- guardian.co.uk, Friday 26 March 2010 10.23 GMT
The Bill, one of the UK's longest-running TV dramas, is to be dropped by ITV in the autumn after 27 years, MediaGuardian.co.uk can reveal.
ITV has taken the decision to axe the police drama after last year's revamp and switch to a new 9pm slot failed to halt a long-term ratings decline.
The Bill was moved last year from being aired twice a week at 8pm on ITV1 to a single slot on Thursdays at 9pm. The show's storylines were tweaked to take account of the new post-watershed slot.
However, ratings for the show have failed to pick up. In 2002 the show averaged more that 7 million viewers, while more recently audiences been about 3.5 million.
ITV's decision puts jobs at risk in The Bill's 90-strong production team, which is based in Merton, south London. Talkback Thames, the independent producer which makes the show, said that it would now enter a consultation process with staff that work on The Bill and was expecting a "significant number of redundancies".
The broadcaster said that the decision to drop the series was made as part of a creative rethink of its drama schedule, which has seen the development of popular short run shows such as Collision and Above Suspicion, and not on cost-cutting grounds.
ITV intends to use the multimillion-pound saving from axing The Bill to create shorter run drama series for the 9pm slot with projects in the works including a new medical series with writer Peter Bowker and a new series from Collision and Foyle's War writer Anthony Horowitz.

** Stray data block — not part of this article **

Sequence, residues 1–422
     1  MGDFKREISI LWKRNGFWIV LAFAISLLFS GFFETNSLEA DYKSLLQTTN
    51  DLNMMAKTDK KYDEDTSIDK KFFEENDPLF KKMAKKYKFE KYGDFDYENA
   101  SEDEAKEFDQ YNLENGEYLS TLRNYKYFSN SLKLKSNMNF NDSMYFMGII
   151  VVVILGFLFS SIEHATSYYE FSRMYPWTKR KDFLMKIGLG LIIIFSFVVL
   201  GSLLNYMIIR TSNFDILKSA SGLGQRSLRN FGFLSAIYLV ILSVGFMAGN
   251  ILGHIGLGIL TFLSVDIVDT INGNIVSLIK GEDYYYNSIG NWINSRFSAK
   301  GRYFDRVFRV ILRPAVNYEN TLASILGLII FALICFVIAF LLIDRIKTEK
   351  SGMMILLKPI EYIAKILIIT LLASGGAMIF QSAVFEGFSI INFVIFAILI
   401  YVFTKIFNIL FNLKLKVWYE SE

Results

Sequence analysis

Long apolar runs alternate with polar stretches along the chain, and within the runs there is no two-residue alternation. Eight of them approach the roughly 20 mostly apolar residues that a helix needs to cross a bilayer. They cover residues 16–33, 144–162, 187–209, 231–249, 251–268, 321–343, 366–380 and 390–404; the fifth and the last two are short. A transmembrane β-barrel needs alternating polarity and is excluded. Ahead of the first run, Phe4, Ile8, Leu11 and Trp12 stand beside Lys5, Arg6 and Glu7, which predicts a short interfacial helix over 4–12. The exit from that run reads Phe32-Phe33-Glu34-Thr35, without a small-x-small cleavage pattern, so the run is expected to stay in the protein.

"The Bill has been a fixture on our screens for more than 25 years and has been the home of some of the UK's best serial drama storylines, and a great showcase for terrific scriptwriting and fine acting talent," said Peter Fincham, the ITV director of television, channels and online.
"But times change, and so do the tastes of our audience. Whilst The Bill will come to an end in 2010, we will continue to invest more in drama programming than any other commercial broadcaster in the UK and viewers can look forward to a wide range of high quality drama on ITV1."
In the current economic climate the chances of The Bill being picked up by another broadcaster seems slim, with one source describing the costly show as "a victim of circumstance". After a quarter of a century on ITV, a rival broadcaster would also find it difficult to "own" the show.
"We are devastated that after 26 successful years on ITV, The Bill will be coming to an end," said Lorraine Heggessey, chief executive of Talkback Thames. "Regrettably, we anticipate that this may result in a significant number of redundancies. We are entering into a period of consultation with employees at The Bill where this will be discussed further.
"We are incredibly proud of what the show has achieved. It is a credit to everyone who has worked on The Bill that the series will be signing out on a creative and editorial high with both critical and industry-wide acclaim and a loyal fan base who have supported the show throughout."
The Bill grew out of a single drama called Woodentop, broadcast on ITV in 1983, which followed a day in the life of young PC Jim Carver, played by Mark Wingett, who stayed with the show until 2005, with his character rising to become a detective sergeant.
Named after writer Geoff McQueen's first idea of a title "Old Bill", The Bill first aired in 1984 and went on to become one of British TV's longest-running dramas.
The show is based around the fictional Sun Hill police station in east London, with filming taking place at various locations across the capital's southern suburbs, as well as on the main set in Merton.
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